So I started working Polya's Mathematics and Plausible Reasoning, Volume 1: Induction and Analogy in Mathematics second question in chapter one. I highly recommend you purchase the book.

The problem states the following.

Consider the table:

Guess the general law suggest by these examples, express it in suitable mathematical notation, and prove it.

This is a lot harder than the previous question because there is an equation, so we have to look at both sides. If we look at the left side first we notice that each line is increased by 2 elements. First we have 1 element (namely the number 1), then we jump to 3 elements (1+ 2+ 3). then again to 7 elements (10 + 11 + 12 + 13 + 14 + 15 + 16).

If we analyze this fact alone we know that the progression is some form of

while

I tried some more analysis by taking the difference between sums, but that yielded no positive result. So I switched for the time being to the other side. On the right side we have a more recognizable pattern. Looking at 1, I started to think what could possible equal 1 other than itself. The first thing that came to mind is any number raised to the zero power.

,

this did not help me much but it was pointing me in the right direction, for exponents are the right way to go. I then looked at second line,

,

and thought about what base numbers could equal both of those numbers alone. I started with base 2 because its the smallest base I know that does not equal 1. If we look at the base two system we can see that

.

Now we are getting somewhere, I found two of my numbers and only looked at one base system (namely base 2).The next line,

,

gives me further clues to the pattern, we have a repeat of the highest power form the previous line and a new highest power added on. Now a base 2 system gets me the number 8 but it does not yield me 27, which is base 3

.

This leads me to believe that pattern may take fold in base 2 and base 3 numbers. 1,8,27,64 all can be found with

.

That last base 2 number,

,

kind of bothered me cause the exponent jumped so high. We went from 0,3,6. I was starting to think I only had to deal with base 2 and base 3, but no combination of exponents could net me the sum of the next line is the sequence from the left side of the equation.If we followed the pattern on the left, the next line should look like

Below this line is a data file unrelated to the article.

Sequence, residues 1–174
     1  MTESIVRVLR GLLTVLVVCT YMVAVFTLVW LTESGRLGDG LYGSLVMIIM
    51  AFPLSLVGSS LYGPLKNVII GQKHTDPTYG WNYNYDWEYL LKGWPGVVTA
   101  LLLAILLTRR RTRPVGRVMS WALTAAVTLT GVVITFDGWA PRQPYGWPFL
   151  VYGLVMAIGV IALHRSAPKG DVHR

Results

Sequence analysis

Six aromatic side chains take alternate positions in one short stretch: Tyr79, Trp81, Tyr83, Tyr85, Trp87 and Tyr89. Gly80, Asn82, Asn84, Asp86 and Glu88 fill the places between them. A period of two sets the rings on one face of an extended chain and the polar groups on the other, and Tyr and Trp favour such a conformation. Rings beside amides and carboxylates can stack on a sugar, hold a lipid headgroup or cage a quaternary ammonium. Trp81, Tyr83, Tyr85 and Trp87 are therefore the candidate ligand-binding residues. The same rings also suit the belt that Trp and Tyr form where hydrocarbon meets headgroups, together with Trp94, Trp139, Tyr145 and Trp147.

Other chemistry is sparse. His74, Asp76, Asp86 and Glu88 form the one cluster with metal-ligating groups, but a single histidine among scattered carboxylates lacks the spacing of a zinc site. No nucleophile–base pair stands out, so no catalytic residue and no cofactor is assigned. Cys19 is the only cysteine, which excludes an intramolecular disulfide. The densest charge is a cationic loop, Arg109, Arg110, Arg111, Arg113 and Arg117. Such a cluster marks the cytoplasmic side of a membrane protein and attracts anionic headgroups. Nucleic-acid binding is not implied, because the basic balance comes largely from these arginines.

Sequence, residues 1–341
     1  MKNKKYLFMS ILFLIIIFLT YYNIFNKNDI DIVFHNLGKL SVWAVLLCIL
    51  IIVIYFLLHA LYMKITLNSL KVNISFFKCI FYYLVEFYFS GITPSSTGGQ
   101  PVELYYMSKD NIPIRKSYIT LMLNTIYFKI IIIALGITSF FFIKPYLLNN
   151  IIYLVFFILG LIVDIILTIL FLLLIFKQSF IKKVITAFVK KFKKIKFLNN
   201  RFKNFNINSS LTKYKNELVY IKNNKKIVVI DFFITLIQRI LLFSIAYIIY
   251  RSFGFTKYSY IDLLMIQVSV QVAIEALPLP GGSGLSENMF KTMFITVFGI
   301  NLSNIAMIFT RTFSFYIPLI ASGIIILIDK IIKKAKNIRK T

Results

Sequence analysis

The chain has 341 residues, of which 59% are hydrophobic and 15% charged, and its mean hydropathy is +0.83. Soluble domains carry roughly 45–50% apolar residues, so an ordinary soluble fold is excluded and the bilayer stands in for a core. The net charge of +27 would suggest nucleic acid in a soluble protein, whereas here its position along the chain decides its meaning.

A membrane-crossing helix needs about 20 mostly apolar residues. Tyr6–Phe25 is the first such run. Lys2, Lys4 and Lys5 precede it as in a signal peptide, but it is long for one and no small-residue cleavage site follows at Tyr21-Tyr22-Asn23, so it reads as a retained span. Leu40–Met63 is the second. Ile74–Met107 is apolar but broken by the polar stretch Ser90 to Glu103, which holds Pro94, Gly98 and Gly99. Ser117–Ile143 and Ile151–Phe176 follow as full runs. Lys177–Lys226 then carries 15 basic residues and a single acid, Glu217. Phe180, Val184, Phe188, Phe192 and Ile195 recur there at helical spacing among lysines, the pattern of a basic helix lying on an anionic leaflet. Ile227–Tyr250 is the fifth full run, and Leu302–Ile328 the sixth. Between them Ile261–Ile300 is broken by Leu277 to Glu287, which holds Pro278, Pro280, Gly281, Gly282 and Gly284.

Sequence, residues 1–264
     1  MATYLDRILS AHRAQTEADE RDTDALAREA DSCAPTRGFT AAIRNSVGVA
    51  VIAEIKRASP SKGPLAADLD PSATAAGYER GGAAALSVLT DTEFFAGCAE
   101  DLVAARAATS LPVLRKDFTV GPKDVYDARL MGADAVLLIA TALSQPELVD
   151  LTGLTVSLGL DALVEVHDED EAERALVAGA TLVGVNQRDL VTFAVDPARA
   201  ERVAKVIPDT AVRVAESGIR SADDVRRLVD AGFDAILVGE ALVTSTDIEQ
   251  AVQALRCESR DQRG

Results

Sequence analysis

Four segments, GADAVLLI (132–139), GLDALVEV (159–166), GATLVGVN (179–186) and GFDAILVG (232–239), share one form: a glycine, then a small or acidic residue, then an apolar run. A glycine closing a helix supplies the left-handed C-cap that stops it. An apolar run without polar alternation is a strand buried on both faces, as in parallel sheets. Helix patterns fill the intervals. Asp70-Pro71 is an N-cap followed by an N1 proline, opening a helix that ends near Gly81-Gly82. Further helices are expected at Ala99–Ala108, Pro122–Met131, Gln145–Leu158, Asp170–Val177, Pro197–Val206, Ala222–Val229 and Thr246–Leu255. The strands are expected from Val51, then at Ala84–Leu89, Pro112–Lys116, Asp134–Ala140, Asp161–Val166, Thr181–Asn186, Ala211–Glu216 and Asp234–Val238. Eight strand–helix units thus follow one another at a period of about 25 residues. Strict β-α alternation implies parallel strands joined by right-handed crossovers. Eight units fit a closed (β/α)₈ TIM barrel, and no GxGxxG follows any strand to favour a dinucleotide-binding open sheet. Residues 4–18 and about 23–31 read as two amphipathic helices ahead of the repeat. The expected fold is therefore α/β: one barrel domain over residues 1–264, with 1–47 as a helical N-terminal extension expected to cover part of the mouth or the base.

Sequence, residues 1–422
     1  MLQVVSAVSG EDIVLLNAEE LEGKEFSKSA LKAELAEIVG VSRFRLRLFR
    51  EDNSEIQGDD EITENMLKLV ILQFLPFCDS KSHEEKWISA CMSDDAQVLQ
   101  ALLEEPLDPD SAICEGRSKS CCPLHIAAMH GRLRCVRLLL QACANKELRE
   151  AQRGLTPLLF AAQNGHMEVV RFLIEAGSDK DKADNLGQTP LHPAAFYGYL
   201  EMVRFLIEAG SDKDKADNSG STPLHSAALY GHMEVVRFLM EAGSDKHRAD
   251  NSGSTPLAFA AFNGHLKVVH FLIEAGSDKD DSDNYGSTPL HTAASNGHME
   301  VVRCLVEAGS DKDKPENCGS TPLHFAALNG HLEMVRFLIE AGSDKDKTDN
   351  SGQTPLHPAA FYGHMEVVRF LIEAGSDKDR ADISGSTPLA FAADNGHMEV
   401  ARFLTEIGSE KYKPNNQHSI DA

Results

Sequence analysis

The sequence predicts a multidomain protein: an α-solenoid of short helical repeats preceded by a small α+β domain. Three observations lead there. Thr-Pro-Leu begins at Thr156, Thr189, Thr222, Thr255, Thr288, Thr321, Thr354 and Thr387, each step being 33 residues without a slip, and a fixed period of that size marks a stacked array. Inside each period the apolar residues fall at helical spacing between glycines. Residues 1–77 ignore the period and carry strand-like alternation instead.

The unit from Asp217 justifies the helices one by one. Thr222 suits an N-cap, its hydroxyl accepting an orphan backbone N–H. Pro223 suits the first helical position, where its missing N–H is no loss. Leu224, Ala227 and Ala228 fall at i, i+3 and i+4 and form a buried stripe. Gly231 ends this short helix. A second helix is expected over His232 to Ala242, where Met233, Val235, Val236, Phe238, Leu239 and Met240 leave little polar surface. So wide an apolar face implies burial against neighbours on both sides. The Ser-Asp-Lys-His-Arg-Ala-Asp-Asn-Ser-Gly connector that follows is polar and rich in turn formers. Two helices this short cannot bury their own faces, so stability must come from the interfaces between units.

,

with 9 elements that sum to 189. I can't make that number with base 2 and base 3 alone. So went back to the third line on the right side of the equation and pondered on the number 64. Then it came to me,

.

Now a pattern was being formed clearly for me too see. We are dealing with a cubic expression. The right hand side comes out be in the form of

,

if you test with each line of the problem it works out. The first line is

.

The next line is

.

The third line is

.

The final line comes out to be

.

The pattern checks out. Now that we finished that pattern up we still have to go back to the left side of the equations. This one was a bit tricky and I kept playing around with summations to try and get right combination of numbers. I used double summations, single summations, arithmetic sequences, and any other trick I could think of. I got absolutely no where with this part of the problem....$%&*#&@! I finally cracked and checked the back of the book for solutions, turns out the right side of the equation was correct. The bad news is I have no idea how he got the left hand of the equation.

So, I had to reverse engineer it. The book tells us

is the solution to the left hand side. I can somewhat understand the equation except for that last quadratic

.

Where in the hell did that come from, and why in the world was it hanging out in some kind of summation? So basically this little guy exiles me back to my white boards. I started back to practicing my summations, I started with the most basic summation

.

I worked at a few of those up to 6 elements, then I think about it. It occurs me that

need not have to be part of the summation. So I start to play with

.

I want some kind of constant to represent n with out changing, so I made k = n. I came up with

.

I run the expression through n = 0,1,2. It failed, miserably I might add. So I modified the equation to read

,

this worked for any

.

The only problem is I can't figure out how they got the first element, I have to assume its there and it works. Overall, the experience was good. Half of my intuition was correct and the other half wrong. I know the left hand side has to do with some arithmetic progression, but this is all I could come up with. I am satisfied that my skill has got me the basic pattern as usual, but I still need to work on producing the exact equations faster.

Reference:

- Polya, George.
*Mathematics and Plausible Reasoning Volume 1: Induction and Analogy in Mathematics*. Vol. 1. Princeton, New Jersey: Princeton University Press, 1954. 1-8. 2 vols. Print.